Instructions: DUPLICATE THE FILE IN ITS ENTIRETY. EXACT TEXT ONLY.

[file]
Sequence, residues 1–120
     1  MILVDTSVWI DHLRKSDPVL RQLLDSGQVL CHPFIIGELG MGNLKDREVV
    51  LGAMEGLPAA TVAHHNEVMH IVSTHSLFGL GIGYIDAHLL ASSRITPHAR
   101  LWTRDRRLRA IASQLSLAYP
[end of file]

Sequence, residues 1–120
     1  MILVDTSVWI DHLRKSDPVL RQLLDSGQVL CHPFIIGELG MGNLKDREVV
    51  LGAMEGLPAA TVAHHNEVMH IVSTHSLFGL GIGYIDAHLL ASSRITPHAR
   101  LWTRDRRLRA IASQLSLAYP